Another thing I really liked was the friendship between Gretchen and Abby. It was nice to see how they met and how they were always there for each other. The friendships between the other girls were questionable, but seeing how Gretchen and Abby were together was pretty cute. I mean, you have to really love your friend to go to bat against a demon for them, right?

I also really liked that this was a slightly different take on possession. Horror fans know that a lot of possession type stories go down similar to The Exorcist—puking, head spinning, speaking in tongues…the usual. But Gretchen’s demon manifested itself in a bit of a different and more interesting way. Though the book definitely had its share of gross moments from Gretchen, the evil inside of her mostly manifested itself through her destructive actions. Once possessed, Gretchen turned into what was basically a downright diabolical mean girl and set about destroying the lives of her friends and acquaintances—and we’re not talking Regina George level destruction. We’re talking coaxing girls into suicide or giving them tapeworms. It was crazy, but it was cool to see the possession manifest itself in a little bit of a different way than we typically see in these sorts of novels. Watching the stages of possession was interesting too, as Gretchen progressed from sickly to reigning Queen of Chaos, essentially.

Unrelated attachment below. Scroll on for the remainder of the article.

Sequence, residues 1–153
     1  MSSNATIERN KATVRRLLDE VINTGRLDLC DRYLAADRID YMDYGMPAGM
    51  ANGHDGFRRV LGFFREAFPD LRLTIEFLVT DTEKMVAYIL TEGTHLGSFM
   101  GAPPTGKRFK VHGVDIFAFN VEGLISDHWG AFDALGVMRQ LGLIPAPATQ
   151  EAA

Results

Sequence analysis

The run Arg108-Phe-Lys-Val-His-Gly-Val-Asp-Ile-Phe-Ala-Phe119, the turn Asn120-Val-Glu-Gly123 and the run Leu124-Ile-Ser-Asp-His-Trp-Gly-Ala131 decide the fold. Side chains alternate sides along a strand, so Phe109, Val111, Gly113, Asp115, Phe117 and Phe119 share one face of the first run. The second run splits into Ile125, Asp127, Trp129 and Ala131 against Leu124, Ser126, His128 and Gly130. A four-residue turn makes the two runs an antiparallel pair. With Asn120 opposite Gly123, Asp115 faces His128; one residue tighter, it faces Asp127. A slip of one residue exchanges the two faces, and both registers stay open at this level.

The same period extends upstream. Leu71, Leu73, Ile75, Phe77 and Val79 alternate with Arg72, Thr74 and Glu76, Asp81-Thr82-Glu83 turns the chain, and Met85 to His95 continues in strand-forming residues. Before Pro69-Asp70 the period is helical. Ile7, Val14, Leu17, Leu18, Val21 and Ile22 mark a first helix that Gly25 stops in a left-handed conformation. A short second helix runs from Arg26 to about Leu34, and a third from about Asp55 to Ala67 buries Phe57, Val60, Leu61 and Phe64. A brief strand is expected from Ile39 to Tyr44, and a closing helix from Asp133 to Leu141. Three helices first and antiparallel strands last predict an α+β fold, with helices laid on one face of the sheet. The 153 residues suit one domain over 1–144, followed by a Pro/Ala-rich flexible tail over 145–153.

Though the writing itself, for me, isn’t the main draw of the book, there were definitely some good bits of writing throughout. Hendrix is especially strong in his gruesome descriptions, making some of the gross moments even grosser by bringing them to life on the page.

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“Abby forced herself to look at the dead bodies. Their skin was covered in bristles and their toenails were thick and yellow. Their dusty gray skin was peeled back to reveal layers of beef jerky muscles and a fruit basket of internal organs. Mottled gray lungs, dark red hearts, glistening links of lavender intestines, brown livers, a cornucopia of meaty fruit piled up inside.”

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“It was sticky, gelatinous, and alive—a blind white worm, thick as a garden hose, and it was hauling itself out of Margaret’s stomach with single-minded intent.”

I mean…a fruit basket of internal organs? Awesome. Gross. But awesome.